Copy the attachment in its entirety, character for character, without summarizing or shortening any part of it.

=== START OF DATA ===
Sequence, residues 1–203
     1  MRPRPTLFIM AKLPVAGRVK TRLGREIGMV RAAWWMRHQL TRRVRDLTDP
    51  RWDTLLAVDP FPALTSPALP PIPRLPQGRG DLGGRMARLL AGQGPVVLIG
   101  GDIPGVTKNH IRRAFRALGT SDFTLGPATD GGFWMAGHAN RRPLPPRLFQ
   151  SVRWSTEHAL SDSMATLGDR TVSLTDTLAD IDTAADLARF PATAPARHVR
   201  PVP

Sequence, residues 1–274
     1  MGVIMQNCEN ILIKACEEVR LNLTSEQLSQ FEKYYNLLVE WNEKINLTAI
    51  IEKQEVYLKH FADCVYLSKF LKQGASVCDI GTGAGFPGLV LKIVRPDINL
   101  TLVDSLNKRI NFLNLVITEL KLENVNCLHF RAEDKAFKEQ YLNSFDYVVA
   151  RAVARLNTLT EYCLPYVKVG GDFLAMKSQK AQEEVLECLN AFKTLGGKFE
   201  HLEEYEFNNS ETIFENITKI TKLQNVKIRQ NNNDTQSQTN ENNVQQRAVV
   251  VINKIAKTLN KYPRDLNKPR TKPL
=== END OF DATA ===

Sequence, residues 1–203
     1  MRPRPTLFIM AKLPVAGRVK TRLGREIGMV RAAWWMRHQL TRRVRDLTDP
    51  RWDTLLAVDP FPALTSPALP PIPRLPQGRG DLGGRMARLL AGQGPVVLIG
   101  GDIPGVTKNH IRRAFRALGT SDFTLGPATD GGFWMAGHAN RRPLPPRLFQ
   151  SVRWSTEHAL SDSMATLGDR TVSLTDTLAD IDTAADLARF PATAPARHVR
   201  PVP

Sequence, residues 1–274
     1  MGVIMQNCEN ILIKACEEVR LNLTSEQLSQ FEKYYNLLVE WNEKINLTAI
    51  IEKQEVYLKH FADCVYLSKF LKQGASVCDI GTGAGFPGLV LKIVRPDINL
   101  TLVDSLNKRI NFLNLVITEL KLENVNCLHF RAEDKAFKEQ YLNSFDYVVA
   151  RAVARLNTLT EYCLPYVKVG GDFLAMKSQK AQEEVLECLN AFKTLGGKFE
   201  HLEEYEFNNS ETIFENITKI TKLQNVKIRQ NNNDTQSQTN ENNVQQRAVV
   251  VINKIAKTLN KYPRDLNKPR TKPL